Monday, April 13, 2009

Vive le Luxe!

It is not the expected Paul Poiret or Charles Fredrick Worth gown that opens the Philadelphia Museum of Art’s latest costume collection, “Shopping in Paris: 1850-1925”, but a 1995 Jean-Paul Gaultier lace trumpet dress with an Eiffel Tower print.

An odd choice, certainly, and I spent a large part of my visit on Friday wondering how fashion’s bad-boy, who once sent live turkeys in the mail to critical editors, ends up front-lining a collection of delicate silk gowns trimmed with antique lace and pearls.

This could just be another case of stupid Americans completely misunderstanding the many complex facets of la mode. I mean have you ever seen an American successfully and properly tie a scarf? C’est ridicule!

But instead, I think that the Gaultier stands for something other than simply modernity; it is a symbol of the endurance and the resilience of American overindulgence. And the exhibit manages to save itself from falling into the pathetic American trap of French emulation, by sticking to a subject that every American, from every race, creed, social class, or time period is more than familiar with: shopping.

Ah yes, the true American way; if we can’t actually have the class, glamour, slenderness or that irresistible je ne sais quoi that everything French automatically possesses, then we’ll just have to buy it.

Obviously, that’s a philosophy that’s working out well for us.

If, however, you are interested in a trip down a memory-lane filled with beautiful excesses and fantastically impractical and expensive fashions that will tickle your Seven Jeans-clad bottom, then this exhibit is probably the next best thing to Gossip Girl.

And Gaultier is only the beginning. Silk, lace, tulle, sequins, crystals, fur and pearls pepper what has to be every 5-year old girls dream come true. My favorites, out of the exquisite collection, had to be a House of Worth 1912 green velvet Opera Coat, and a silver 1926 Yteb lamé flapper dress with orange underlay that was as slinky and as dangerously sexy as a shark in mating season.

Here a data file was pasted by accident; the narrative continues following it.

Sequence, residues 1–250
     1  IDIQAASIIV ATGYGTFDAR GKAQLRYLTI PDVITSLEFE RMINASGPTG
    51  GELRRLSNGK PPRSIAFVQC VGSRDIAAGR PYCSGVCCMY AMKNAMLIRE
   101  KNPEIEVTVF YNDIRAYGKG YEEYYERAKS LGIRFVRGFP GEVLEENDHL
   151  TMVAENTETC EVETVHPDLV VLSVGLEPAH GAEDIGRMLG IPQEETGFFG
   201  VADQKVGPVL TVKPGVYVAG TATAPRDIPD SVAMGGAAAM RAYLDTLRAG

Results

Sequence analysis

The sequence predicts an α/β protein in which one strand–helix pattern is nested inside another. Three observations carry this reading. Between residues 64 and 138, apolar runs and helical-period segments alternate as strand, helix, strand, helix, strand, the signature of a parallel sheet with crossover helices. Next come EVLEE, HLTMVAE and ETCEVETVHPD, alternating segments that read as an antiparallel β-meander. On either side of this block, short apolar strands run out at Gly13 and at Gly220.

There are also some interesting tidbits about the designers themselves; Worth, for example, had almost a warehouse set up for producing his supposedly one-of-a-kind creations, which actually were rather poorly made despite their steep price ($300-500 for one, in unconverted 1900 currency).

The worst I can say about the collection is that it’s a bit small. Unlike those exhibitions at the Costume Institute at the Met, or the Museum at FIT, the Philadelphia museum only has a small space. There are no Chanel pieces either, a noticeable absence in a room filled with the biggest names in France during the turn of the century. We can see that fashion changed from 1850 to 1925, but the catalyst herself for that change is missing.

Still maybe that’s part of the point; our vision of French fashion is just as limited as that of those who actually wore the clothes. This isn’t France we’re seeing; it’s Americans’ vision of France. It may seem glamorous, but, ultimately, it’s just a sad imitation of the real thing.

Evening Dress, Designed by Charles Frederick Worth (English, active Paris, 1825 – 1895). Made in Paris, France, c. 1886-87. Silk satin, faille, and brocade with lace and rhinestones. Bodice Waist: 20 inches, Bodice Center Back Length: 13 1/2 inches, Skirt Center Front Length: 38 3/8 inches, Skirt Bottom Circumference: 157 1/4 inches. Philadelphia Museum of Art, Gift of Mr. and Mrs. Owen Biddle, 1978

Afternoon Dress and Hat, Designed by Paul Poiret (French, 1879 – 1944). Made in France, 1923. (Dress) Silk crepe de chine and velvet with silk and metallic thread embroidery; (hat) silk with leather appliqué and metallic thread embroidery. Center Back Length: 48 3/4 inches. Philadelphia Museum of Art, Gift of Vera White, 1951